Much like my time in CA all good things must come to an end, and so this bike must also go to it's new owner. Unlike the Pro-Floater I am very excited to get my personal Manitou FS done and I think I may actually ride it. It may not become my go-to bike, but I can see it getting into a regular rotation. I sure hope FTW can slot me in for a head tube replacement as my FS #1 won't get away with a little bead.  

Monday, April 10, 2017

1992 Doug Bradbury Manitou FS

Growing up in the 90s I had a poster of this bike on my bedroom wall. While a few Answer made versions of this bike have passed through my hands a real Bradbury made one, and especially one in my size was not something I ever thought I'd get a chance to ride. This particular bike is the 4th FS (of approximately 58 total made) that Doug built in 1992. As an early bike it lacks some of the refinements of the later bikes such as fully CNC'd top swingarm brace and lower swingarm BB joint (see the 93 FS write-up here), but essentially it's the same bike and in a way maybe even cooler for it.


I have to admit that I don't think much of vintage suspension bikes. I mostly ride rigid and only have one or two bikes that have front suspension forks. That said, I am really in love with this bike. Something about it just screams performance, mostly perceived but still. I have done a few turns of the crank on this particular bike and will do a trail review later, suffice it to say given any sort of reasonable expectations, this bike did not disappoint.  So, it's not just looks, there is some go!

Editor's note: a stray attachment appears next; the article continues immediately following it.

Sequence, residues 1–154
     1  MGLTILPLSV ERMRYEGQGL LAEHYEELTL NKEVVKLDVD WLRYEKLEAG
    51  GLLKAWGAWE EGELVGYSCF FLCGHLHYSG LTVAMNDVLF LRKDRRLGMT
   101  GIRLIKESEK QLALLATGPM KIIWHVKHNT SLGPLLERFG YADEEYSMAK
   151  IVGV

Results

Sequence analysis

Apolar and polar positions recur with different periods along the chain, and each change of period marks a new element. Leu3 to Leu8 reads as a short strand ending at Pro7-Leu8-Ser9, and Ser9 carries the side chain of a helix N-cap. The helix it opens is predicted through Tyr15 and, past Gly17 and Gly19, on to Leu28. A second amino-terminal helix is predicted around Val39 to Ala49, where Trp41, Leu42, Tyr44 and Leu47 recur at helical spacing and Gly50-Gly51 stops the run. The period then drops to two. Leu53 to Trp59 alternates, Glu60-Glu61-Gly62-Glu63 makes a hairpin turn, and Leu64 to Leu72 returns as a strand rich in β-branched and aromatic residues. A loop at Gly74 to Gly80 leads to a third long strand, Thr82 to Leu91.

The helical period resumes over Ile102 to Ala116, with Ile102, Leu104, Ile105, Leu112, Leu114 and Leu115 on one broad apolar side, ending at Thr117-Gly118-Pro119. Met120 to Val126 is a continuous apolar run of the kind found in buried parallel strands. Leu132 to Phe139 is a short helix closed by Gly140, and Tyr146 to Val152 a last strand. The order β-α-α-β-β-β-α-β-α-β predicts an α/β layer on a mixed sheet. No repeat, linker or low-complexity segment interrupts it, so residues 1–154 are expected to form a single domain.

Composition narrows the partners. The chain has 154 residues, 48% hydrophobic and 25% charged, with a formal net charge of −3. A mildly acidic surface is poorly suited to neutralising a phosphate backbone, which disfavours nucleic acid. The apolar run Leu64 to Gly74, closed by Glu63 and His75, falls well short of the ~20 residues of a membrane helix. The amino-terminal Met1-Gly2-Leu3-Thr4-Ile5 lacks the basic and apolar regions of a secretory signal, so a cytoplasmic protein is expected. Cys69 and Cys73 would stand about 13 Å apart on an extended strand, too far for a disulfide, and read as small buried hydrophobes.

Another thing about this and Bradbury Manitous in general is that while they have a high degree of so called "CNC Bling" on them, they still manage to (in my opinion) look classy and subdued. While others strive for the loudest bike because that's what they remember from the era, I prefer a bespoke conservative style. So, this bike is in that regard the best of both worlds, cutting edge tech without any of the look at me ostentatiousness. Did I mention it's fun to ride? WIN WIN, right?


Pick an angle, any angle and try and tell me you don't like it.


When you ordered Manitou fuselage you'd receive a frame, front fork, stem, seat post, wheels, bottom bracket and front derailleur. I can't remember whether a Chris King headset was included or not. Either way, the price was steep but you did get a few extra things for your money. I always liked Doug's stems, and particularly the 1 1/4" ones as seen on this bike.


For this build I decided to pull out all the stops and install a full Grafton brake kit including the custom shifter perches enabling the use of M900 STI units, which were some of the best around during that era.


This particular frame suffered a crack early on and was subsequently repaired by Doug in the simplest of ways. According to Doug these types of repairs often did the trick and once the stress on the frame was relieved it wouldn't propagate or crack again. Nevertheless I further reamed out the headtube to reduce the stresses even more.


Black Grafton Speedcontrollers look spot on with the silver/gray two tone frame.


It's Bulleye, no it's Hi-e, no it's actually Doug's exact copy of either one...


Though he wasn't the first to do it, Doug made good use of the wide front (115m) and rear (145mm) hubs in most of his bikes creating light weight (fewer spokes) and strong wheels while providing increased stiffness.


Apparently I can't get enough of this stem...